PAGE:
Dendritic Cell Targeting Effectively Boosts T Cell Responses Elicited by an HIV Multiepitope DNA Vaccine

Dendritic Cell Targeting Effectively Boosts T Cell Responses Elicited by an HIV Multiepitope DNA Vaccine

Author Apostolico, Juliana de Souza Autor UNIFESP Google Scholar
Santos Lunardelli, Victoria Alves Autor UNIFESP Google Scholar
Yamamoto, Marcio Massao Google Scholar
Santos Souza, Higo Fernando Google Scholar
Cunha-Neto, Edecio Google Scholar
Boscardin, Silvia Beatriz Google Scholar
Rosa, Daniela Santoro Autor UNIFESP Google Scholar
Abstract Despite several efforts in the last decades, an efficacious HIV-1 vaccine is still not available. Different approaches have been evaluated, such as recombinant proteins, viral vectors, DNA vaccines, and, most recently, dendritic cell (DC) targeting. This strategy is based on DC features that place them as central for induction of immunity. Targeting is accomplished by the use of chimeric monoclonal antibodies directed to DC surface receptors fused to the antigen of interest. In this work, we targeted eight promiscuous HIV-derived CD4(+) T cell epitopes (HIVBr8) to the DEC205(+) DCs by fusing the multiepitope immunogen to the heavy chain of alpha DEC205 (alpha DECHIVBr8), in the presence of the TLR3 agonist poly (I: C). In addition, we tested a DNA vaccine encoding the same epitopes using homologous or heterologous prime-boost regimens. Our results showed that mice immunized with alpha DECHIVBr8 presented higher CD4(+) and CD8(+) T cell responses when compared to mice that received the DNA vaccine (pVAXHIVBr8). In addition, pVAXHIVBr8 priming followed by alpha DECHIVBr8 boosting induced higher polyfunctional proliferative and cytokine-producing T cell responses to HIV-1 peptides than homologous DNA immunization or heterologous alpha DEC prime/DNA boost. Based on these results, we conclude that homologous prime-boost and heterologous boosting immunization strategies targeting CD4(+) epitopes to DCs are effective to improve HIV-specific cellular immune responses when compared to standalone DNA immunization. Moreover, our results indicate that antigen targeting to DC is an efficient strategy to boost immunity against a multiepitope immunogen, especially in the context of DNA vaccination.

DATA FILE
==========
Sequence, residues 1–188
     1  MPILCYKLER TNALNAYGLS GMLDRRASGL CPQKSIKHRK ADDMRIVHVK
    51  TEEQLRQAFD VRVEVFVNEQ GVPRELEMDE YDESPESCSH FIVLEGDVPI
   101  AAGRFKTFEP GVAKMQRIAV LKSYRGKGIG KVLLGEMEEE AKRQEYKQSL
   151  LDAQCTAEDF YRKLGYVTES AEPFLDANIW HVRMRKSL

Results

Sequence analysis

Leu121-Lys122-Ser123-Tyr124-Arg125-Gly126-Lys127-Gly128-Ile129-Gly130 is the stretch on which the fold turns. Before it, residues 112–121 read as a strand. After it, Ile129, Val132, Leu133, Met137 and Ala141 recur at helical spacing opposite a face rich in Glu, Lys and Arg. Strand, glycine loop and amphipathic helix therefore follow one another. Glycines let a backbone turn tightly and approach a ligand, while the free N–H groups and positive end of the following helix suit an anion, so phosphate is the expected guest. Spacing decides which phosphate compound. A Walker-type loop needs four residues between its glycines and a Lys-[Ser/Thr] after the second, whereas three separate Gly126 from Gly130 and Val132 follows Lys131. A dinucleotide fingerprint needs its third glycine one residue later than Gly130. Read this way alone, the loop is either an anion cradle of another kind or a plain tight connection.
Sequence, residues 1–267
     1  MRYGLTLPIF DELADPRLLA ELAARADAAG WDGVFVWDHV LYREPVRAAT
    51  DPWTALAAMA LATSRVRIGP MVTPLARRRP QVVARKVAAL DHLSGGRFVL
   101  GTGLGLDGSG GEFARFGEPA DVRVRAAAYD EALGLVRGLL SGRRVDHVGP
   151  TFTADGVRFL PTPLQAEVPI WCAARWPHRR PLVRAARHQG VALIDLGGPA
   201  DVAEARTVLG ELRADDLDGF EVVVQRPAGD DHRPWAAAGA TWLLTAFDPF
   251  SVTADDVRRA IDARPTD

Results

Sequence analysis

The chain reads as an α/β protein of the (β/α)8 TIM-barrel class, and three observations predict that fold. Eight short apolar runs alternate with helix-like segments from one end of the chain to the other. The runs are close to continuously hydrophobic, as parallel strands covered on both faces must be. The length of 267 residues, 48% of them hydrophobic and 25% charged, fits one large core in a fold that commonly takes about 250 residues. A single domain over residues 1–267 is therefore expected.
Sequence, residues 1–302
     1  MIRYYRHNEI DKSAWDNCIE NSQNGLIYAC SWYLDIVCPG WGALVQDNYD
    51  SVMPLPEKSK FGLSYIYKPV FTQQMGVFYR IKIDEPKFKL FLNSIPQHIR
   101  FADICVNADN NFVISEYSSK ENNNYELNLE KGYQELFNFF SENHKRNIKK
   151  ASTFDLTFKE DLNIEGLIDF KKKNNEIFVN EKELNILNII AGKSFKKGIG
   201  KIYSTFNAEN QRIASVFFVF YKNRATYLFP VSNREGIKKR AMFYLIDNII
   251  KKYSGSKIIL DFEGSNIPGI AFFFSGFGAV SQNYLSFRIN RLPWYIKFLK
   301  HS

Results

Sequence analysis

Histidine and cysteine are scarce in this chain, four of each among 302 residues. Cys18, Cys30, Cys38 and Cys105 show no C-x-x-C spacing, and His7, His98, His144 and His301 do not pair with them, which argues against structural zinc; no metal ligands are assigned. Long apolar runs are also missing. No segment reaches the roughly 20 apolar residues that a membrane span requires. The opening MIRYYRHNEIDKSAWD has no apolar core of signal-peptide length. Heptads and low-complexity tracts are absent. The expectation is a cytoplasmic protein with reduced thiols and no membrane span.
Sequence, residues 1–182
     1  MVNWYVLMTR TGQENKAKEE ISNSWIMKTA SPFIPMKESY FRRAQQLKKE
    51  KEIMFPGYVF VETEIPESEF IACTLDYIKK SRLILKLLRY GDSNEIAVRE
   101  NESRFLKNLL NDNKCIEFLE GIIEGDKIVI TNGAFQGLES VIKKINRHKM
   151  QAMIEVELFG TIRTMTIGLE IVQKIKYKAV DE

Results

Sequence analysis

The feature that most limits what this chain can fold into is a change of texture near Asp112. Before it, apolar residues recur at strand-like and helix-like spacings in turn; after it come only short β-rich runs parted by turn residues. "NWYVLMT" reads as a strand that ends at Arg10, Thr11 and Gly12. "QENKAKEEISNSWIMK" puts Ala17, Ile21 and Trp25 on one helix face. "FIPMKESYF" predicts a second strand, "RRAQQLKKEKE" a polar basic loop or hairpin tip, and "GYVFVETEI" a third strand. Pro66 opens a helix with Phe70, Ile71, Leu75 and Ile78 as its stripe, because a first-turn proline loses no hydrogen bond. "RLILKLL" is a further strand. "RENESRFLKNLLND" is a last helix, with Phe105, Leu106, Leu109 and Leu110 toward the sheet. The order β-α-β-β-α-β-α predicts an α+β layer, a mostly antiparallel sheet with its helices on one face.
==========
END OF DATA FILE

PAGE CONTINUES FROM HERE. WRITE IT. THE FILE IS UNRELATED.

Keywords HIV
dendritic cells
multiepitope vaccine
CD4(+) T cell
monoclonal antibody
xmlui.dri2xhtml.METS-1.0.item-coverage Lausanne
Language English
Sponsor Fundacao de Amparo a Pesquisa do Estado de Sao Paulo (FAPESP)
Brazilian National Research Council (CNPq)/Institute for Investigation in Immunology
CNPq/FAPESP
CAPES
Grant number FAPESP: 2014/15061-8
FAPESP: 2013/11442-4
Date 2017
Published in Frontiers In Immunology. Lausanne, v. 8, p. -, 2017.
ISSN 1664-3224 (Sherpa/Romeo, impact factor)
Publisher Frontiers Media Sa
Extent -
Origin http://dx.doi.org/10.3389/fimmu.2017.00101
Access rights Open access Open Access
Type Article
Web of Science ID WOS:000393438100001
URI https://repositorio.unifesp.br/handle/11600/55117

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